Heroin’s a drug. Crack’s a drug. Meth’s a drug. People who do them live far away from us, and besides, couldn’t even get near the kinds of places we go to, much less into them. Besides, the drugs used in clubs aren’t really drug-drugs. They’re … party favors. They enhance the experience. No harm, no foul.
Wrong. Club drugs may have a lower profile than opiates, but they’re still drugs and are every bit as illegal and addictive as those done by the sort of people we don’t enjoy thinking about. Playing around with them sounds innocent, but it’s a terrible idea for a wide set of reasons, five of which are listed below.
- They’re still drugs. Call them party drugs, party favors or whatever, many of the substances used in clubs and at music festivals are still highly addictive. Cocaine, ice – yes, despite the name it’s still meth – and a lot of synthetic drugs are addictive and will take over your life. Going out should be fun, not a compulsion.
- Synthetic drugs are just a bad idea, period. “Legal highs,” more correctly known as “research chemicals,” are popular because their perceived legality makes them attractive to users worried about getting arrested for possession. Winks and nods about legality aside, these drugs have completely unpredictable effects on users, and they can even be lethal in small doses.
- You’re probably not taking what you think you’re taking. There’s no consumer protection organization governing club drugs. That tab of ecstasy or molly might not contain MDMA at all. Of the 143 drugs suspected of being molly the Drug Enforcement Agency tested between 2009 and 2013, only 13 percent contained MDMA. The rest either contained bath salts, or chemicals like 4-MEC still new to scientists. Here’s a list of what’s been found in various ecstasy pills.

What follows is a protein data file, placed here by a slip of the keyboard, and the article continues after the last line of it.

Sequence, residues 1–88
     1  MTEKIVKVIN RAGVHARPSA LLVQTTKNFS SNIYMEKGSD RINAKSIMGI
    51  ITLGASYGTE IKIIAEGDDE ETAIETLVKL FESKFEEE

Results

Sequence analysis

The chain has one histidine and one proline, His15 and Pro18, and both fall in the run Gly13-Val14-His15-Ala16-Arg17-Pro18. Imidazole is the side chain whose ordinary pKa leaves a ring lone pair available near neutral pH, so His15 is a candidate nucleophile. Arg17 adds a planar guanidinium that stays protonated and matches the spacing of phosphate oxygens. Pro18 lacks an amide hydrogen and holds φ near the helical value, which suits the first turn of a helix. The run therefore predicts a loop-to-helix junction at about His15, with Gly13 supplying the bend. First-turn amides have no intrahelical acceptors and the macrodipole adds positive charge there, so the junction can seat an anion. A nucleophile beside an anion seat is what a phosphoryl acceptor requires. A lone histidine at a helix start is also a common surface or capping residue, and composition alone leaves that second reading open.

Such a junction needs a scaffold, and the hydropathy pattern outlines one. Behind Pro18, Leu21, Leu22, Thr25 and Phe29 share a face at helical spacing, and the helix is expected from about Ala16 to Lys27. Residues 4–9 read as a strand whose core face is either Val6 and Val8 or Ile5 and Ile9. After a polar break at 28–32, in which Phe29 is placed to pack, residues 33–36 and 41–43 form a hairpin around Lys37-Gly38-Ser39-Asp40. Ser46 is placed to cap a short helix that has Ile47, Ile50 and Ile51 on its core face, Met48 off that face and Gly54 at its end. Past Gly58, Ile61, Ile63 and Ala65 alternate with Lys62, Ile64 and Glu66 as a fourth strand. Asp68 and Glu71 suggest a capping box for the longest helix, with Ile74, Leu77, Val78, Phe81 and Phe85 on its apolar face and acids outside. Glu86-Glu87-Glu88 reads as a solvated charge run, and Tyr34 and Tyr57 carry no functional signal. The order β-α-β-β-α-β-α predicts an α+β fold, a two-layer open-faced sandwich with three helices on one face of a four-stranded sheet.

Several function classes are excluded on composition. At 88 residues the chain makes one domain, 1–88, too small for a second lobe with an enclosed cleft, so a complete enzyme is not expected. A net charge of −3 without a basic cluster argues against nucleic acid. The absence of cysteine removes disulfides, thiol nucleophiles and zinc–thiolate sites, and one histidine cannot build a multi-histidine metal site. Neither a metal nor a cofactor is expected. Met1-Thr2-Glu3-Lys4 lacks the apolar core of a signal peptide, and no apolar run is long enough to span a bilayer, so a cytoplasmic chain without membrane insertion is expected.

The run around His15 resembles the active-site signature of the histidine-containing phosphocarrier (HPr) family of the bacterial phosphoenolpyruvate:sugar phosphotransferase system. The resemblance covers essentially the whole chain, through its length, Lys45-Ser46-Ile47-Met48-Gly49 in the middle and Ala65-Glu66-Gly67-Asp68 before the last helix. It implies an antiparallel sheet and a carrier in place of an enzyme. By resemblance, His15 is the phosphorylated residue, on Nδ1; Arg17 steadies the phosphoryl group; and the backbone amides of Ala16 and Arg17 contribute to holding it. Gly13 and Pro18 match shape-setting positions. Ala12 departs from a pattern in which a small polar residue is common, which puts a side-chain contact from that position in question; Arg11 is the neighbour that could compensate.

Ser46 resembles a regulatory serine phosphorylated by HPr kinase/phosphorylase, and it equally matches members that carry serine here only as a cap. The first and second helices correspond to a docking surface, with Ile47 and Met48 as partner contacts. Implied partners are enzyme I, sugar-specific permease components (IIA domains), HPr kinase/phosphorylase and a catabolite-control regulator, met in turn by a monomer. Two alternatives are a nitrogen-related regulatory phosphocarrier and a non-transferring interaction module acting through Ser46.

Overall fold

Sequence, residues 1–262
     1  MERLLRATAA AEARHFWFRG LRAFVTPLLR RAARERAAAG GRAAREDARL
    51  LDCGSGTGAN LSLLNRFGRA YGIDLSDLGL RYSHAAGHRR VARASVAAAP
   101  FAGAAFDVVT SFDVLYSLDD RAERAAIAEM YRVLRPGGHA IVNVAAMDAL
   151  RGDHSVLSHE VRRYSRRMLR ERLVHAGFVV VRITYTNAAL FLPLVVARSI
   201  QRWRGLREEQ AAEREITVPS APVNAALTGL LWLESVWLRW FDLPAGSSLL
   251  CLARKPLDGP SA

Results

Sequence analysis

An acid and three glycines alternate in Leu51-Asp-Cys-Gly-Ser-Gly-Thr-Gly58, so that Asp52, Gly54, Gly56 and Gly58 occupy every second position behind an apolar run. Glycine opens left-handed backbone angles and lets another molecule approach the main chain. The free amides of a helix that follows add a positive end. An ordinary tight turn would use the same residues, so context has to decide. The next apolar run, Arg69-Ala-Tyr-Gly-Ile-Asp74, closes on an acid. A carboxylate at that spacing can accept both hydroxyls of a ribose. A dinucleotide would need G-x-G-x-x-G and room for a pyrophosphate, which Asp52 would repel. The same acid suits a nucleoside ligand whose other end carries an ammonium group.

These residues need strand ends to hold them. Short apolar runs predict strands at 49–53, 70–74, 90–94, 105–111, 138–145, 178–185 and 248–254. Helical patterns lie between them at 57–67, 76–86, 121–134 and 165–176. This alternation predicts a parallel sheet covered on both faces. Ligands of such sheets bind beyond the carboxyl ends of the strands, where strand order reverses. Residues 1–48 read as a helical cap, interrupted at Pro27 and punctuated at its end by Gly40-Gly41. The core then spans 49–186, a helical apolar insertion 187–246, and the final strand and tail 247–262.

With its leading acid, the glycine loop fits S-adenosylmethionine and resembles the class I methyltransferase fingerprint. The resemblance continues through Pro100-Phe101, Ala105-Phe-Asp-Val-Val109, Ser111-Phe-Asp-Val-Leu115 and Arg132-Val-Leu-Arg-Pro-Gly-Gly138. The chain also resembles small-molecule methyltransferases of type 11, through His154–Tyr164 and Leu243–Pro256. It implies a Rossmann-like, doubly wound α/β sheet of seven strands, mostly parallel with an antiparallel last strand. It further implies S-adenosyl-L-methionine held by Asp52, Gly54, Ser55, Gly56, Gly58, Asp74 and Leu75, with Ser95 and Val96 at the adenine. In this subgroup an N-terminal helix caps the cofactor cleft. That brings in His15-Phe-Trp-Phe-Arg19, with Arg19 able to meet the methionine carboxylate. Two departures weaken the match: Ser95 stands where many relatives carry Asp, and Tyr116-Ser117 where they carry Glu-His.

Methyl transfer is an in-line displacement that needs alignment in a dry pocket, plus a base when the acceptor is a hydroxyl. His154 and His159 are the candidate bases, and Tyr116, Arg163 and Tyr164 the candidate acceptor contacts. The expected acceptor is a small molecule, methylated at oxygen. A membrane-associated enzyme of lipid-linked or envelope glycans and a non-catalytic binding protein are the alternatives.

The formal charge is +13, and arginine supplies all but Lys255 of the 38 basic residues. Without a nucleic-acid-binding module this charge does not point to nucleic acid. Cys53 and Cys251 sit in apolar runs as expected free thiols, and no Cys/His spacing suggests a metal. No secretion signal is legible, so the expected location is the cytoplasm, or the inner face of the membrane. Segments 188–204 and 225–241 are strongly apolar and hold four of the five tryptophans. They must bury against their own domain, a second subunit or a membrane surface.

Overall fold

- Just because it’s genuine doesn’t make it less harmful. Take ketamine for example … actually, don’t. Special K is a powerful anesthetic used on animals, and in large doses it can cause euphoria along with an out-of-body sensation called the “k-hole” on the street. Ketamine is also addictive, and it’s been used as a date-rape drug because of the effects it has on users. What’s also less known is a side effect to heavy ketamine use called ketamine cystitis. Also known as “K bladder,” long-term ketamine use damages the urinary system, causing bladder and kidney failure.
- Drugs aren’t the only danger. Many club drugs like GHB and Special K are capable of sedating users so completely they lose track of their surroundings and have no memory of what happened while under the drug’s effects. This leaves them vulnerable to robbery and assault. It sounds obvious to say but not everyone who sells drugs is a nice person, and there are also people who keep an eye out for targets like someone passed out on a couch.
Everyone enjoys feeling different from time to time, and humans have been trying to get out of their own heads for thousands of years. But it’s important to remember that for a whole host of reasons it’s frequently dangerous – and illegal – to do so. There’s ways to have fun, even transformative times completely sober.
Sovereign Health of California has a long history of treating addiction, mental health disorders and co-occurring conditions. If you or someone you know is finding something occasionally fun has become a life-deteriorating compulsion that can’t be escaped, call us at (866) 819-0427, or visit our website at prod.sovcal.com. One of our treatment experts can give you more information, or direct you to an appropriate treatment program. A healthier life can start today.
Written by Brian Moore, Sovereign Health Group Writer
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